It was some time before the girl could find a comfortable position upon th_ard ground, but at last, the baby in the hollow of her arm, she droppe_sleep from utter exhaustion. When she awoke it was broad daylight.
About her were clustered a score of curious natives—mostly men, for among th_borigines it is the male who owns this characteristic in its most exaggerate_orm. Instinctively Jane Clayton drew the baby more closely to her, though sh_oon saw that the blacks were far from intending her or the child any harm.
In fact, one of them offered her a gourd of milk—a filthy, smoke-begrime_ourd, with the ancient rind of long-curdled milk caked in layers within it_eck; but the spirit of the giver touched her deeply, and her face lightene_or a moment with one of those almost forgotten smiles of radiance that ha_elped to make her beauty famous both in Baltimore and London.
She took the gourd in one hand, and rather than cause the giver pain raised i_o her lips, though for the life of her she could scarce restrain the qualm o_ausea that surged through her as the malodorous thing approached he_ostrils.
It was Anderssen who came to her rescue, and taking the gourd from her, dran_ portion himself, and then returned it to the native with a gift of blu_eads.
The sun was shining brightly now, and though the baby still slept, Jane coul_carce restrain her impatient desire to have at least a brief glance at th_eloved face. The natives had withdrawn at a command from their chief, who no_tood talking with Anderssen, a little apart from her.
As she debated the wisdom of risking disturbing the child's slumber by liftin_he blanket that now protected its face from the sun, she noted that the coo_onversed with the chief in the language of the Negro.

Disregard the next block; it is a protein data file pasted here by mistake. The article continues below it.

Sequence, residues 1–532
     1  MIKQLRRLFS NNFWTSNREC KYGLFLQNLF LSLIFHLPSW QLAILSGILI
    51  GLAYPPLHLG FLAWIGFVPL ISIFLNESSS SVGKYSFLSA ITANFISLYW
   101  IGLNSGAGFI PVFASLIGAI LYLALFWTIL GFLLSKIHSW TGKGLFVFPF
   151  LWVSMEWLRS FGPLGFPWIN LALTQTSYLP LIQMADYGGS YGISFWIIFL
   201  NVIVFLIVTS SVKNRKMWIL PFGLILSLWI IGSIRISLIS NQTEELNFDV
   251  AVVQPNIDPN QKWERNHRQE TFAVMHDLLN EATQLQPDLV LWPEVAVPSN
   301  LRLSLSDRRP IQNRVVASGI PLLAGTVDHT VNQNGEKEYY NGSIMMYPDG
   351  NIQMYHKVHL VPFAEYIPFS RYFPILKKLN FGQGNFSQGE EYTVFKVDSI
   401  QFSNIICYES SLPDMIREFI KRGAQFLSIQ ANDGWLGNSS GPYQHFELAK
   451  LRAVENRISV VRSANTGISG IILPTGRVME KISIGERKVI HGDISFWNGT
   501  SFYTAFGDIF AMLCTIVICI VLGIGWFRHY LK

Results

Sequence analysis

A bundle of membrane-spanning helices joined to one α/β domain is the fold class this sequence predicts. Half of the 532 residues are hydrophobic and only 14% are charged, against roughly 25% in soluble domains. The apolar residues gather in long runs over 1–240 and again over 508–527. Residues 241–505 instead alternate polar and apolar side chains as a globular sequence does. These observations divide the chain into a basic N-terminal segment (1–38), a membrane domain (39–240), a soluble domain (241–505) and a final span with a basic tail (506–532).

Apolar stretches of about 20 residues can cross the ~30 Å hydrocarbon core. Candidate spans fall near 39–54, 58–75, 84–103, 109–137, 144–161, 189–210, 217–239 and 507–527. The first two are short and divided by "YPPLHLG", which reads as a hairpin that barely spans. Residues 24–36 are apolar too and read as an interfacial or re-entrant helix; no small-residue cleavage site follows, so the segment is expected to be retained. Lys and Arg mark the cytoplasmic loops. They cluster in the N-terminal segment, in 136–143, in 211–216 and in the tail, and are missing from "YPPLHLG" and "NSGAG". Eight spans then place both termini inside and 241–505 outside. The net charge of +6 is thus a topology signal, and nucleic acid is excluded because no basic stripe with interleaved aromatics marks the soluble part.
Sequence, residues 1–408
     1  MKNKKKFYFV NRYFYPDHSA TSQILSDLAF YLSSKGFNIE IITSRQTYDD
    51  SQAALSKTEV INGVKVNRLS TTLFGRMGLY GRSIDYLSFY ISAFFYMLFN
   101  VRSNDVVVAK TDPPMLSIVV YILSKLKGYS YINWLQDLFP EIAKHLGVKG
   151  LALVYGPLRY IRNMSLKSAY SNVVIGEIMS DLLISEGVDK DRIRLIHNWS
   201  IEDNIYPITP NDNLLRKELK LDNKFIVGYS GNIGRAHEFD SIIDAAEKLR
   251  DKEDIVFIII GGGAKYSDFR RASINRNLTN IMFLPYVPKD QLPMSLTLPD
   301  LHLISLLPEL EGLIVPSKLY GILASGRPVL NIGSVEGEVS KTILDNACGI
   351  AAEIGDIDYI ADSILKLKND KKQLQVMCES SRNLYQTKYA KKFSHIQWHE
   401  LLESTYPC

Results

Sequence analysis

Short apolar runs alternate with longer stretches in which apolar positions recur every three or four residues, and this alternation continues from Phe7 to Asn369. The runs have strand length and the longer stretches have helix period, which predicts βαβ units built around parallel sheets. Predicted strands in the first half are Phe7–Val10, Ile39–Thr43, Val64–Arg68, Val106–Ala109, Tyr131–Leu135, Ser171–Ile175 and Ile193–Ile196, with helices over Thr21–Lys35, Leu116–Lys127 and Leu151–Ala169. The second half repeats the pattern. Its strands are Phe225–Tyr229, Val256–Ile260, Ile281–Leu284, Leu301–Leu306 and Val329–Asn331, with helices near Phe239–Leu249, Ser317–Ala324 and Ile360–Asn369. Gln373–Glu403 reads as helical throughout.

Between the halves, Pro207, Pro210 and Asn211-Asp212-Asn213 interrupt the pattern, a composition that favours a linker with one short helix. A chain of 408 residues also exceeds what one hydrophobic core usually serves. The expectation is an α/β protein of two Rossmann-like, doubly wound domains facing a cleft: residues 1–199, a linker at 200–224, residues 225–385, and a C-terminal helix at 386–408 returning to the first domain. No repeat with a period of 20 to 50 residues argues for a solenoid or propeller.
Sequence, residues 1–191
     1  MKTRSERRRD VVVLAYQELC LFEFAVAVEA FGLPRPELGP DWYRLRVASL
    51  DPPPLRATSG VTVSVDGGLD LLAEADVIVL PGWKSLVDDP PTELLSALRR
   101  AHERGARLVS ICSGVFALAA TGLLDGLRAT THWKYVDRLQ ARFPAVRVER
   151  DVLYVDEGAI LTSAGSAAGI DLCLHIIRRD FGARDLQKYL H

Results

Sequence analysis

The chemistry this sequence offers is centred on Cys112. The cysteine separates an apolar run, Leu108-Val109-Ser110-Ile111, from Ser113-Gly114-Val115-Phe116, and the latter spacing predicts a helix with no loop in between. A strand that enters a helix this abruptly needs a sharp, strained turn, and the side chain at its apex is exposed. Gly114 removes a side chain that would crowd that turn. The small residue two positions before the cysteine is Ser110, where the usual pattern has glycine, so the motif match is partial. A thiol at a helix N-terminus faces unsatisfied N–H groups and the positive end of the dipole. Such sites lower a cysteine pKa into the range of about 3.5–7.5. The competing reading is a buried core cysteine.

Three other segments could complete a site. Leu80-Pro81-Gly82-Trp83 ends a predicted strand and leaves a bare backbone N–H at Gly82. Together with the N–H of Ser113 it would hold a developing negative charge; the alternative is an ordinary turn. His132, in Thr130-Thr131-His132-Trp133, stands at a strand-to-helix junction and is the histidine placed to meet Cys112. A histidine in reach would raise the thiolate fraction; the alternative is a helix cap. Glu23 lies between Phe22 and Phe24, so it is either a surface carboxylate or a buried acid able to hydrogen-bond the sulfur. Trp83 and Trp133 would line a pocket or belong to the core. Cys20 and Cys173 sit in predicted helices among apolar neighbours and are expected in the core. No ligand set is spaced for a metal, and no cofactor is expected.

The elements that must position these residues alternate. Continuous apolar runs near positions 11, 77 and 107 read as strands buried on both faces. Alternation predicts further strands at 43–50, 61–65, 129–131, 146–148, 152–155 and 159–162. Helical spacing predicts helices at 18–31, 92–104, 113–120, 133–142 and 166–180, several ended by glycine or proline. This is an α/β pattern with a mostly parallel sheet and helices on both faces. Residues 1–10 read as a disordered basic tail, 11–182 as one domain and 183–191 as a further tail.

What a remarkable man the fellow was, indeed! She had thought him ignorant an_tupid but a short day before, and now, within the past twenty-four hours, sh_ad learned that he spoke not only English but French as well, and th_rimitive dialect of the West Coast.
She had thought him shifty, cruel, and untrustworthy, yet in so far as she ha_eason to believe he had proved himself in every way the contrary since th_ay before. It scarce seemed credible that he could be serving her fro_otives purely chivalrous. There must be something deeper in his intention_nd plans than he had yet disclosed.
She wondered, and when she looked at him—at his close-set, shifty eyes an_epulsive features, she shuddered, for she was convinced that no loft_haracteristics could be hid behind so foul an exterior.
As she was thinking of these things the while she debated the wisdom o_ncovering the baby's face, there came a little grunt from the wee bundle i_er lap, and then a gurgling coo that set her heart in raptures.
The baby was awake! Now she might feast her eyes upon him.
Quickly she snatched the blanket from before the infant's face; Anderssen wa_ooking at her as she did so.
He saw her stagger to her feet, holding the baby at arm's length from her, he_yes glued in horror upon the little chubby face and twinkling eyes.
Then he heard her piteous cry as her knees gave beneath her, and she sank t_he ground in a swoon.